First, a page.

Denmark Breaks With Currency Defense Tradition After ECB Cut

Denmark held its key policy rate unchanged, breaking with a custom of following the European Central Bank after it unexpectedly lowered its benchmark rate to rekindle inflation in the euro area.

The Danish central bank held its lending rate at 0.2 percent, following a quarter-point cut by the ECB to 0.25 percent earlier today, Copenhagen-based Nationalbanken said. It’s the first time since October 2008 Denmark hasn’t followed an ECB move with a change in rates. The bank kept its deposit rate at minus 0.1 percent, compared with the ECB’s 0 percent rate. The Danish rate has been below zero since July last year.

The bank only adjusts rates to defend the krone’s peg to the euro and typically moves in steps after the ECB. In January, it raised rates by 10 basis points after signs of improvement in the euro area resulted in an outflow of funds from Denmark.

“The krone is relatively weak versus the euro,” said Rasmus Gudum, an economist at Svenska Handelsbanken AB in Copenhagen, in a note.

Denmark had come under pressure to fight off krone appreciation after the AAA-rated nation emerged last year as a haven during the euro area’s debt crisis. Central Bank Governor Lars Rohde in May cut the lending rate and said in June there’s no limit to how far below zero the deposit rate could fall to defend the krone peg. He’s said the lending rate can’t drop below zero.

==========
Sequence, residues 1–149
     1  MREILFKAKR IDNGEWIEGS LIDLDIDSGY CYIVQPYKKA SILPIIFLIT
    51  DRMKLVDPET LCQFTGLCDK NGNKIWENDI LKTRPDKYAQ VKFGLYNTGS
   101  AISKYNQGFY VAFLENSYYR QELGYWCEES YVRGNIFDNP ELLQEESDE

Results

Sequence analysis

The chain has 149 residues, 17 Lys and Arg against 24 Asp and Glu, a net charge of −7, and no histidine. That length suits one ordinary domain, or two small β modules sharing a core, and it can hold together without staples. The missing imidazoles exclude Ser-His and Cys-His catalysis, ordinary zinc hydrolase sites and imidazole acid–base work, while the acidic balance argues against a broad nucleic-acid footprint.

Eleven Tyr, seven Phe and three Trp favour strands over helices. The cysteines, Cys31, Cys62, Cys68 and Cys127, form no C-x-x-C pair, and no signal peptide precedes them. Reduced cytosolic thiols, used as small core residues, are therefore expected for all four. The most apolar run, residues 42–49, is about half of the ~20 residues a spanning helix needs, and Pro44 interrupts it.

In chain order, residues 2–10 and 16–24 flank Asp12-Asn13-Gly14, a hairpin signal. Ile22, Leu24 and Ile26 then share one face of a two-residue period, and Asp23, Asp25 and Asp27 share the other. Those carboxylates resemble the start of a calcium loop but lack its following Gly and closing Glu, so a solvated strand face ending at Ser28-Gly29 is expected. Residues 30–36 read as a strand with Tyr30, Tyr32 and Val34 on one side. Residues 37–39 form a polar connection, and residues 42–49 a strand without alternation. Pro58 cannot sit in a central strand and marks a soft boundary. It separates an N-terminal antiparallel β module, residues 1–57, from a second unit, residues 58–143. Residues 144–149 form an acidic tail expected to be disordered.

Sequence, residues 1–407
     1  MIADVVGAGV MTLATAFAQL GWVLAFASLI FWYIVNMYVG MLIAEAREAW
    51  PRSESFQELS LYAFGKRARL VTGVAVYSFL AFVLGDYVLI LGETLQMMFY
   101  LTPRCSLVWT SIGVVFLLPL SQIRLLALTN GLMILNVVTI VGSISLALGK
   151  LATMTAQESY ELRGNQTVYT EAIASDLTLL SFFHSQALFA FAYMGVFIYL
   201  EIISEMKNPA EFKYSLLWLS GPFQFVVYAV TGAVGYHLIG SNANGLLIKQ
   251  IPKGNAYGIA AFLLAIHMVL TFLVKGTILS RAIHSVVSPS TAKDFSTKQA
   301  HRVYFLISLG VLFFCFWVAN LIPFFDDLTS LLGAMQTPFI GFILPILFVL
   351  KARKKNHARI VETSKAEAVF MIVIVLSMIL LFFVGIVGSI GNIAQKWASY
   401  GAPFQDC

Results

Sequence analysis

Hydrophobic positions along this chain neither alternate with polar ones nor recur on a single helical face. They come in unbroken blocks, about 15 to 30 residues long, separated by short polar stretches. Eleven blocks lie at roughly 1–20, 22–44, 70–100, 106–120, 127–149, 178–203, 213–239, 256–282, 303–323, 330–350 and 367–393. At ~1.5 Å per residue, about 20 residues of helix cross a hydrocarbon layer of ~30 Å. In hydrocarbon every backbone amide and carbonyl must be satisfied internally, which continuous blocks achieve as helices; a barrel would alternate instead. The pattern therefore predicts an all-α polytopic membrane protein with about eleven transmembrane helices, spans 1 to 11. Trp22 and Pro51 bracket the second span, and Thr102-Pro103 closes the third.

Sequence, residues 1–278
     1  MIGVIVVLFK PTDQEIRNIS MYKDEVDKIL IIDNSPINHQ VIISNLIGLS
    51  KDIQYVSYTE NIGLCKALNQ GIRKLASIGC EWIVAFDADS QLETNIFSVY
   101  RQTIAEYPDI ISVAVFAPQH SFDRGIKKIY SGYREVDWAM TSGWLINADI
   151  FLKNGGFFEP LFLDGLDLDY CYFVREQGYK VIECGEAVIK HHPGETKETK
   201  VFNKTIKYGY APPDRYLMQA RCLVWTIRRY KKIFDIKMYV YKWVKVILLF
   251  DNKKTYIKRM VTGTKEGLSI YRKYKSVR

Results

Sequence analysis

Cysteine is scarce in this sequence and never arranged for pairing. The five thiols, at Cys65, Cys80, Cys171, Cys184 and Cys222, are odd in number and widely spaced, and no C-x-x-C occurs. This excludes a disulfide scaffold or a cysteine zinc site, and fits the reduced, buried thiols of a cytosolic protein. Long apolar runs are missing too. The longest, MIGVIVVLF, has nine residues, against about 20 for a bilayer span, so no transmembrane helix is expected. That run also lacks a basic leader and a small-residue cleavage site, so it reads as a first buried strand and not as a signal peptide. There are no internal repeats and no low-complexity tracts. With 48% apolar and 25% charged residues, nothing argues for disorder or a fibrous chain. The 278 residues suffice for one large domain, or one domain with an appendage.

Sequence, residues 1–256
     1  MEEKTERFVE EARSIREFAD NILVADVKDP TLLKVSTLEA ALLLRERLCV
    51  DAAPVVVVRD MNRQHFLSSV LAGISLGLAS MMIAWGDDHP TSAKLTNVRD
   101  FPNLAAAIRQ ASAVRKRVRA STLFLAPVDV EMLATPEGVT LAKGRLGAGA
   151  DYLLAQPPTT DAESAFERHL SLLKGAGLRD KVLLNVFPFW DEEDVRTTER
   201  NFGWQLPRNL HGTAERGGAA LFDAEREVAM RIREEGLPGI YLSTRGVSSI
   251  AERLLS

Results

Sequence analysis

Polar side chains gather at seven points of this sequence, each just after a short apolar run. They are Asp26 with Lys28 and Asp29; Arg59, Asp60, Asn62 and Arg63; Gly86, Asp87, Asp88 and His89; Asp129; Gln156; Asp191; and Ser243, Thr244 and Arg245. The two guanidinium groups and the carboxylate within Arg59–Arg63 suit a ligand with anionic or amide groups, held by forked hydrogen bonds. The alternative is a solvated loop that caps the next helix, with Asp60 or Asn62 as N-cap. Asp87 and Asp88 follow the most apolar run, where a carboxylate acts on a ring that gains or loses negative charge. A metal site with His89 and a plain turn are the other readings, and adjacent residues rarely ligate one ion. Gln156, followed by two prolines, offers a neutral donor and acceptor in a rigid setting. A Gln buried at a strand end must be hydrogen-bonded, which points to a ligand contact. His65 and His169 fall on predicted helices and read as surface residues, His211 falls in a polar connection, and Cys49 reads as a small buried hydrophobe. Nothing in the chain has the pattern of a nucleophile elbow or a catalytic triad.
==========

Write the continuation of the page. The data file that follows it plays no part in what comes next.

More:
Bit Surprised

The krone gained 0.01 percent to 7.4581 against the euro as of 4:03 p.m. local time. The central bank targets a rate of 7.46038 against Europe’s single currency inside a 2.25 percent band. Based on closing prices, the krone strengthened the most since Sept. 27.

Denmark’s foreign currency reserves were 491 billion kroner in October, staying close to an all-time high. Denmark’s emerged as a haven last year as the nation keeps public debt at less than half the average in the single currency bloc, relative to gross domestic product. Foreign currency reserves reached a peak of 514.4 billion kroner in August last year.

“It’s a bit of a surprise that the central bank stays calm,” said Jens Naervig Pedersen, an analyst at Danske Bank A/S. “We had expected Nationalbanken to copy its response from May, when the ECB cut its key rate last, and lower the rate by 0.1 percentage point.”

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